There is a happy ending. The officer accommodated and the organisation lived happily ever after……………..
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Want to do a job where one law applies to you and another to everyone else ?
Don’t join the Police, become an MP. Great perks, great expenses, great pension and you don’t appear to have to answer to anyone.
After some of the comments from the last post it-is clear that out there, in the place known as the real world, where response teams respond and the rest of the world watches whist it catches its breath, there is a wide difference in the availability of GP dog support. There are many reasons for this, or some of these below at least.
The biggest problem for dog handlers is that most of them want to do the job of support districts as their number one aim and the demand for their particular brand of expertise has become fractured and seems to be constantly changing.
Most want to support district response with a GP capacity of support. That is the reason why they joined the section in the first place.
There are numerous reasons that have caused problems with GP availability, some of them as follows.
1. Response are so short that often dog handlers are treated by some comms as just another resource to show attending a job, sometimes where a double crewed unit should really be sent. Any specialist support role is not considered. Comms have targets too.
2. Because response are so short the chance of specialist help is too often delayed and we get the all to often no real scope. This is because time exposure is our enemy. Not because it is too wet, too windy, too long after the event, too dark, too far to travel………the list is endless.
3. Most of the senior management who manage the dog handlers see their importance in other areas where they have ‘targetted’ as many resources as possible. IE you will get dog handlers sitting around allocated to an ANPR operation in stead of covering their allocated district and responding when necessary. The trust in handlers to self deploy to areas of known activity or crime hot-spots does not exist within the climate of micro-management and the perceived accountability of the NIM and decision making processes. Some Force’s handlers feel they are under pressure to generate all sorts of stuff by way of targets, gathering evidence for PDR’s and remove themselves from what they want to do.
4. The slow but continual erosion of the understanding of our core role, namely supporting the districts with dedicated GP capability. There are extras in the form of drugs, explo and the like but the main role is GP support response.
5. Shift changes that take the regular dog handler further away from his district group (yes they are a group) removes probably the closest and most beneficial tie we handlers can have with our usual allocated district.
6. We are seen as a Force resource, which I do not fall out with in general, but we need to have a close working relationship with our base district or else is just doesn’t work as well. I have had a warm welcome, calls on my mobile or P to P with a job that has not come over the radio, morning tea & cakes, lively banter as well as some excellent results because the district response know who I am.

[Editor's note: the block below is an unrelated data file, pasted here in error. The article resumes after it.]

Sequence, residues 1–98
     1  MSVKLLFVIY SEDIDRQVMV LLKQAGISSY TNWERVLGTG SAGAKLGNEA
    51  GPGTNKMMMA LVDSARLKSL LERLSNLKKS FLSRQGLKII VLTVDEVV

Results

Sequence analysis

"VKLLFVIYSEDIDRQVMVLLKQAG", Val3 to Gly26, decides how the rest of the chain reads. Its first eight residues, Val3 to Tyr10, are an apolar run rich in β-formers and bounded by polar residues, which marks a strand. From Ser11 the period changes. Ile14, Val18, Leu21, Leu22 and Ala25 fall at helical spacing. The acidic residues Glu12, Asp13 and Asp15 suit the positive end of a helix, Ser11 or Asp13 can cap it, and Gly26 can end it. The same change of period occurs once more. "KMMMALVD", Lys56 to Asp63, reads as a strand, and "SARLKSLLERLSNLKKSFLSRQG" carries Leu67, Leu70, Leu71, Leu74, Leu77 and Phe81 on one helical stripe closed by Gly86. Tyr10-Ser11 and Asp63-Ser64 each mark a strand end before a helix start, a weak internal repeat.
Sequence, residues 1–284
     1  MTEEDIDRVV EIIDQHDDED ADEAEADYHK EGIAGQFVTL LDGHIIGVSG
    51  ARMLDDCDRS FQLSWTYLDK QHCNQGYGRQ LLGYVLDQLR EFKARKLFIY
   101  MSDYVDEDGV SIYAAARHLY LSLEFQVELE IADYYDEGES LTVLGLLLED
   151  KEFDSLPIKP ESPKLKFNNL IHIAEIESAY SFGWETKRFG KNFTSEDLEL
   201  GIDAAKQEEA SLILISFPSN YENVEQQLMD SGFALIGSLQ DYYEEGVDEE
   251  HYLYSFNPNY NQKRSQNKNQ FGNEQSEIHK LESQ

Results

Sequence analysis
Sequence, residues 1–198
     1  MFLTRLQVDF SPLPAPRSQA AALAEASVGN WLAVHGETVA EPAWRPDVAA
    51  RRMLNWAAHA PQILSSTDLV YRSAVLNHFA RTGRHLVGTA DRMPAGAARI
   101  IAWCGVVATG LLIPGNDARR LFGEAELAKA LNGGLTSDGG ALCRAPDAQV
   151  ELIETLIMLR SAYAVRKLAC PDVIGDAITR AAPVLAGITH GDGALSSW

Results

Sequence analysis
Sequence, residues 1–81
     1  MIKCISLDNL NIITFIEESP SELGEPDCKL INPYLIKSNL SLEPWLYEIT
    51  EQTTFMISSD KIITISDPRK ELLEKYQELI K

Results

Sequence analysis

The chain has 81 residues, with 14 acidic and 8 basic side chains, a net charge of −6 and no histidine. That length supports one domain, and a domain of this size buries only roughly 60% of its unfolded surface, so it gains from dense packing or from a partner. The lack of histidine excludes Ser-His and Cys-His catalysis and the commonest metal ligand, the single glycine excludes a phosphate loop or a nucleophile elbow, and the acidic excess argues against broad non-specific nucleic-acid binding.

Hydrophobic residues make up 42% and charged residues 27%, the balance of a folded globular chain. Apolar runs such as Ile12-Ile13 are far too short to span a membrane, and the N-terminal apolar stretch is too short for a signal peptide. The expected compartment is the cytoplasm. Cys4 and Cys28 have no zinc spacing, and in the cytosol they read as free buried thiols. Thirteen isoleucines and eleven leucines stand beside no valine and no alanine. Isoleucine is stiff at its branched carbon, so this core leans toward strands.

7. Shift pattern changes that take us away from working with any one team/group and the resultant loss of that knowledge and relationship.
8. Lose a handler for a drugs or explo search and you lose the GP capability as well.
I dare say that every response has those handlers that they prefer for their own reasons but generally the working relationship is excellent and this is something that senior management cannot comprehend because they don’t see the benefits for each side. It ticks no boxes and cannot be measured so in their eyes it is simply not important. We have moved on from answering call, training our dogs and being free for lates and nights when most of the demand occurs for our GP stuff.
Sadly my Police dog experience has developed within a framework where your support for district was paramount. If my sergeant (yes we have those too on the section) spoke to district skippers and they could not tell them who their dog handlers were I would be in deep cack. This relationship with district formed the backbone of our working relationship and was the one thing we depended on. Without this we, as handlers, could not advise the troops on matters of scent, time exposure, contamination and factors that effected the service we offered. We also benefited from the use of those who wanted to get onto the dogs at some stage in their careers. As part of their experience of finding out about what we did so they could get a better picture of our role they offered themselves (some might say stupidly) as willing volunteers into the fray. Some even did this on more one occasion. This is not brown nosing or earning some extra points but an effort to see if they could do the job and find out exactly what is involved with the role. This is common sense. Enough about selection as I have already done that.
I suspect that all to soon if a district wants to get a dog handler for a job they will have to get an Inspector’s authority as the cost will be reclaimed from the budget of the district concerned. For the sake of the god’o’dogs I hope this never happens and gadget finds out.